SCENE IIIGloucestershire. SHALLOW'S orchard.
Enter FALSTAFF, SHALLOW, SILENCE, DAVY, BARDOLPH, and the Page.
Nay, you shall see my orchard,
where, in an arbour, we will eat a last year's
pippin of my own graffing, with a dish of
caraways, and so forth: come, cousin Silence:
and then to bed.
'Fore God, you have here a goodly
dwelling and a rich.
Barren, barren, barren; beggars all,
beggars all, Sir John: marry, good air.
Spread,Davy; spread, Davy: well said, Davy.
This Davy serves you for good uses;
he is your serving-man and your husband.
A good varlet, a good varlet, a very
good varlet, Sir John: by the mass, I have
drunk too much sack at supper: a good varlet.
Now sit down, now sit down: come, cousin.
Ah, sirrah! quoth-a, we shall
Do nothing but eat, and make good cheer,
And praise God for the merry year; (20)
When flesh is cheap and females dear,
And lusty lads roam here and there
And ever among so merrily.
There's a merry heart! Good Master
Silence, I'll give you a health for that anon.
Give Master Bardolph some wine, Davy.
Sweet sir, sit; I'll be with you anon;
most sweet sir, sit. Master page, good master
page, sit. Proface! What you want in meat,
we'll have in drink: but you must bear; the
heart's all. [Exit.
Be merry, Master Bardolph; and,
my little soldier there, be merry.
Be merry, be merry, my wife has all; [Singing.
For women are shrews, both short and tall:
'Tis merry in hall when beards wag all,
And welcome merry Shrove-tide.
Be merry, be merry.
I did not think Master Silence had (41)
been a man of this mettle.
Who, I? I have been merry twice and
once ere now.
There's a dish of leather-coats for you. [To Bardolph.
Your worship! I'll be with you
straight [to Bardolph] . A cup of wine, sir?
A cup of wine that's brisk and fine, [Singing.
And drink unto the leman mine; (50)
And a merry heart lives long-a.
Well said, Master Silence.
An we shall be merry, now comes in
the sweet o' the night.
Health and long life to you, Master
Fill the cup, and let it come; [Singing.
I'll pledge you a mile to the bottom.
Honest Bardolph, welcome: if thou
wantest any thing, and wilt not call, beshrew
thy heart. Welcome, my little tiny thief [to
the Page] , and welcome indeed too. I'll drink
to Master Bardolph, and to all the cavaleros
I hope to see London once ere I dvie.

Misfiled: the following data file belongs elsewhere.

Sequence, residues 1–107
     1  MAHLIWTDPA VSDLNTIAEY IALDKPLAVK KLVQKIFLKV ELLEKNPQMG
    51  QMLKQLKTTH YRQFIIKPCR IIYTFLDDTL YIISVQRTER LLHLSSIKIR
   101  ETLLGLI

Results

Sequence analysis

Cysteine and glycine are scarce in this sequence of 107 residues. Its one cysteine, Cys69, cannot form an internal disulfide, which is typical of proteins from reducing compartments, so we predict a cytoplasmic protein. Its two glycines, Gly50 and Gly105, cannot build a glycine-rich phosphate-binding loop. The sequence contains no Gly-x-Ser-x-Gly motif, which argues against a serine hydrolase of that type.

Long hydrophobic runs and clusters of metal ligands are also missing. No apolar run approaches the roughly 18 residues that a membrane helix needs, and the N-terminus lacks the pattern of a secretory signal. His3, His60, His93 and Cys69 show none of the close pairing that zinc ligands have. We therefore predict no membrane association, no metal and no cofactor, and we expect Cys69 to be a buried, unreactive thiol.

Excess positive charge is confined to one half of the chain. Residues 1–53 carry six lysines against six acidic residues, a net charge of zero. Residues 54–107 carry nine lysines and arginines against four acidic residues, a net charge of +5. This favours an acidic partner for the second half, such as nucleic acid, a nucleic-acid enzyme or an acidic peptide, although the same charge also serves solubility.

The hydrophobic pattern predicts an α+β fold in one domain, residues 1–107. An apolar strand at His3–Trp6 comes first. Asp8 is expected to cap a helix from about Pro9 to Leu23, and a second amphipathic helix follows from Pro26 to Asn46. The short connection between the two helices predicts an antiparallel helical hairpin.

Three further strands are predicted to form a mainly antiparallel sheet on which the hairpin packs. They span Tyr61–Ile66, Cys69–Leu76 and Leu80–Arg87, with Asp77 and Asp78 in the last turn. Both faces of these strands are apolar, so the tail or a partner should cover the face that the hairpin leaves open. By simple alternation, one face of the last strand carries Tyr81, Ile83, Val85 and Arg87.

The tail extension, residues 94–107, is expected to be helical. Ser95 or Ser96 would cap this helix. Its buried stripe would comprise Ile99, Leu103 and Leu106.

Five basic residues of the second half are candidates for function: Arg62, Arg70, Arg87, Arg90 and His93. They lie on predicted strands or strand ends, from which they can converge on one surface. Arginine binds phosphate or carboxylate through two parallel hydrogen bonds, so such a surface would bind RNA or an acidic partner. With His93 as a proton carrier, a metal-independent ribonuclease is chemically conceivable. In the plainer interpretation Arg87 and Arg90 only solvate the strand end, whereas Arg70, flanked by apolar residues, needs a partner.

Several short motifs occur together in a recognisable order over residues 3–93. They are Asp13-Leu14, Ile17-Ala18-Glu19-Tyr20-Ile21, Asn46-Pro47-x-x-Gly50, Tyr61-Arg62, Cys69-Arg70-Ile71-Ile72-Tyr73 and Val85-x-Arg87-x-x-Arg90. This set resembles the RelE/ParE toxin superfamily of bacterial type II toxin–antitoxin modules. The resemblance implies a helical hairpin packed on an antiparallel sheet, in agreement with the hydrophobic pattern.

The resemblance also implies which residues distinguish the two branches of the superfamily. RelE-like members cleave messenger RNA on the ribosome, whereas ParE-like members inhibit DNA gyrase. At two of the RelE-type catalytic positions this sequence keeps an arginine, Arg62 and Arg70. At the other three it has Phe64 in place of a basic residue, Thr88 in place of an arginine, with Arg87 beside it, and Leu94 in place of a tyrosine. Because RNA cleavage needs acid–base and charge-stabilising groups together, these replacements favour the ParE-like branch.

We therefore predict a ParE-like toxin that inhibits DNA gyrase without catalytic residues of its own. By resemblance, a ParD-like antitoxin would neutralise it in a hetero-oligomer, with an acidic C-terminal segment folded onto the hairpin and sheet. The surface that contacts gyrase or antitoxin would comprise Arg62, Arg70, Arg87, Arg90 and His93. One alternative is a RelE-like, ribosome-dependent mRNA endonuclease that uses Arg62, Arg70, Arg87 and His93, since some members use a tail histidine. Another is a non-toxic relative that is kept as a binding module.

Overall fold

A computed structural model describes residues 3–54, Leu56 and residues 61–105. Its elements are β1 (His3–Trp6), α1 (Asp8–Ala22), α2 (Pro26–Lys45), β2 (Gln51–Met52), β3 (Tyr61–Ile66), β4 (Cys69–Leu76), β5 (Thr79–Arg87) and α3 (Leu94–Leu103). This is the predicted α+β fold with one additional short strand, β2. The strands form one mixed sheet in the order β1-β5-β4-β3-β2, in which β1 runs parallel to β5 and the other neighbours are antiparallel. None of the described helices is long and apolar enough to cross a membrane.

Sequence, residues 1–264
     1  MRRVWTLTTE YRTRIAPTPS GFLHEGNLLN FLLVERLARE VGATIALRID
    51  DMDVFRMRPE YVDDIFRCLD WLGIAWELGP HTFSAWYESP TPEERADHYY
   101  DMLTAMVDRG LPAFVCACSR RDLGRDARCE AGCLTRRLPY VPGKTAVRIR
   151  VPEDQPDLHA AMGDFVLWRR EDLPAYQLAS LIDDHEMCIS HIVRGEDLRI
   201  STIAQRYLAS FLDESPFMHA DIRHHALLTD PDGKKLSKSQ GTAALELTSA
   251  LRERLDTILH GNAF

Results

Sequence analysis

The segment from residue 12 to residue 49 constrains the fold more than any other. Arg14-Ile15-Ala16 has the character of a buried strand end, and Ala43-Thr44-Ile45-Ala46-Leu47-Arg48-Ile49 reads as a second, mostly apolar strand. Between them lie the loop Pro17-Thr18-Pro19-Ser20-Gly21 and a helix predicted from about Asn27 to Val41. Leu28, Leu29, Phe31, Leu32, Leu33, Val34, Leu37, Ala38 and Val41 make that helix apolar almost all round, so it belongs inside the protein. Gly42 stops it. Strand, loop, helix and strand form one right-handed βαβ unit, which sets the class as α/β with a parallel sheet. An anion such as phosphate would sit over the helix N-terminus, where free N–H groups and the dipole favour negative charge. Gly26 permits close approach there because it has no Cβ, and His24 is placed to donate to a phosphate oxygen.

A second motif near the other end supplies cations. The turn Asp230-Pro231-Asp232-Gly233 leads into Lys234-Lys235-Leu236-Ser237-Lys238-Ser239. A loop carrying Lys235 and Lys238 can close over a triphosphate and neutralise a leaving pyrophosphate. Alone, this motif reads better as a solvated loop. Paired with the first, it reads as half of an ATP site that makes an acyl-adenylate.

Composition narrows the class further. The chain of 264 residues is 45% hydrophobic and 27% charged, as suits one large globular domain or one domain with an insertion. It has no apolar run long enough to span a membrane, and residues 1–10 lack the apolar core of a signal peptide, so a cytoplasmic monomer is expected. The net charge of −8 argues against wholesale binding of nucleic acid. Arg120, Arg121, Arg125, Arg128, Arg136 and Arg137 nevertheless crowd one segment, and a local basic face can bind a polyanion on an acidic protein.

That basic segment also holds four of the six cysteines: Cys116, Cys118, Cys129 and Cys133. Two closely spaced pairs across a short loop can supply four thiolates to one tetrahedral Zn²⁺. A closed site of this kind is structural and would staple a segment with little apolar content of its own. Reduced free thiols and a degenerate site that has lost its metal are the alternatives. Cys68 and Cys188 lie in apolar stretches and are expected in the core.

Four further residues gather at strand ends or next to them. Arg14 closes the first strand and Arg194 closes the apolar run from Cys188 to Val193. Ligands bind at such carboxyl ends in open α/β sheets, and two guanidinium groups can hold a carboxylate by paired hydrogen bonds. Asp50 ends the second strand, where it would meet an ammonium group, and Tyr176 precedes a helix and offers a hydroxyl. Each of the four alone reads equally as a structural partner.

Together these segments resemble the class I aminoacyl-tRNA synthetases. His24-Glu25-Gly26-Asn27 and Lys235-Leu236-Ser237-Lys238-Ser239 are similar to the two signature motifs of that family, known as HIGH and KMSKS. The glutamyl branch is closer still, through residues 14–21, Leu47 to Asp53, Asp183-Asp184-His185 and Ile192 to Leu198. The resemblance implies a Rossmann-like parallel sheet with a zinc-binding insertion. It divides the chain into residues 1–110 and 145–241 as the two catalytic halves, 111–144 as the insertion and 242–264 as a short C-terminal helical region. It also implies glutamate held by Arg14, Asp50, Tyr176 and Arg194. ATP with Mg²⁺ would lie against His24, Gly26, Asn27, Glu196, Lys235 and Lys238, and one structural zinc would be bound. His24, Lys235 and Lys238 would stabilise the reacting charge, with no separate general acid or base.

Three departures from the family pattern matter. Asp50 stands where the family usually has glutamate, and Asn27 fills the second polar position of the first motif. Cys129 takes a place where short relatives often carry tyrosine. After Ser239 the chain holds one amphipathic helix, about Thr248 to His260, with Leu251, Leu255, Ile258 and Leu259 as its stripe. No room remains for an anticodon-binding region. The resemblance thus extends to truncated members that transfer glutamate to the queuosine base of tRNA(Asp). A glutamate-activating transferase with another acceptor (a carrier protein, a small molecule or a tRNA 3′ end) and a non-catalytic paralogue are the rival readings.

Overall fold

An I might see you there, Davy,-
By the mass, you 'll crack a quart to
gether, ha! will you not, Master Bardolph?
Yea, sir, in a pottle-pot.
By God's liggens, I thank thee: the
knave will stick by thee, I can assure thee (71)
that. A' will not out; he is true bred.
And I 'll stick by him, sir.
Why, there spoke a king. Lack nothing:
be merry. [Knocking within.] Look
who's at the door there, ho! who knocks? [Exit Davy.
Why, now you have done me right. [To Silence, seeing him take off a bumper.
Do me right, [Singing.
And dub me knight:
Is't not so?
Is't so? Why, then, say an old man
can do somewhat. Re-enter DAVY.
An't please your worship, there's
one Pistol come from the court with news.
From the court! let him come in.
How now, Pistol!
Sir John, God save youl
What wind blew you hither, Pistol?
Not the ill wind which blows no man
to good. Sweet knight, thou art now one of
the greatest men in this realm.
By'r lady, I think a' be, but goodman
Puff of Barson.
Puff in thy teeth, most recreant coward base!
Sir John, I am thy Pistol and thy friend,
And helter-skelter have I rode to thee,
And tidings do I bring and lucky joys
And golden times and happy news of price.
I pray thee now, deliver them like a (101)
man of this world.
A foutre for the world and worldlings base!
I speak of Africa and golden joys.
O base Assyrian knight, what is thy news?
Let King Cophetua know the truth thereof.
And Robin Hood, Scarlet, and John. [Singing.
Shall dunghill curs confront the Helicons?
And shall good news be baffled? (110)
Then, Pistol, lay thy head in Furies' lap.
Honest gentleman, I know not yourbreeding.
Why then, lament therefore.
Give me pardon, sir: if, sir, you
come with news from the court, I take it there's
but two ways, either to utter them, or toconceal
them. I am, sir, under the king, in some
Under which king, Besonian? speak, or die.
Under King Harry.
Harry the Fourth? or Fifth?
Harry the Fourth.
A foutre for thine office!
Sir John, thy tender lambkin now is king;
Harry the Fifth's the man. I speak the truth:
When Pistol lies, do this; and fig me, like
The bragging Spaniard.
What, is the old king dead?
As nail in door: the things I speak are just.
Away, Bardolph! saddle my horse.
Master Robert Shallow, choose what office
thou wilt in the land, 'tis thine. Pistol, I will (130)
double-charge thee with dignities.
O joyful day!
I would not take a knighthood for my fortune.
What! I do bring good news.
Carry Master Silence to bed. Master
Shallow, my Lord Shallow,--be what thou
wilt; I am fortune's steward--get on thy
boots: we'll ride all night. O sweet Pistol!
Away, Bardolph! Exit Bard.] Come, Pistol,
utter more to me; and withal devise something
to do thyself good. Boot, boot, Master
Shallow: I know the young king is sick for
me. Let us take any man's horses; the laws of
England are at my commandment. Blessed are
they that have been my friends; and woe to
my lord chief-justice!
Let vultures vile seize on his lungs also !
'Where is the life that late I led?' say they:
'Why, here it is; welcome these pleasant days! [Exeunt.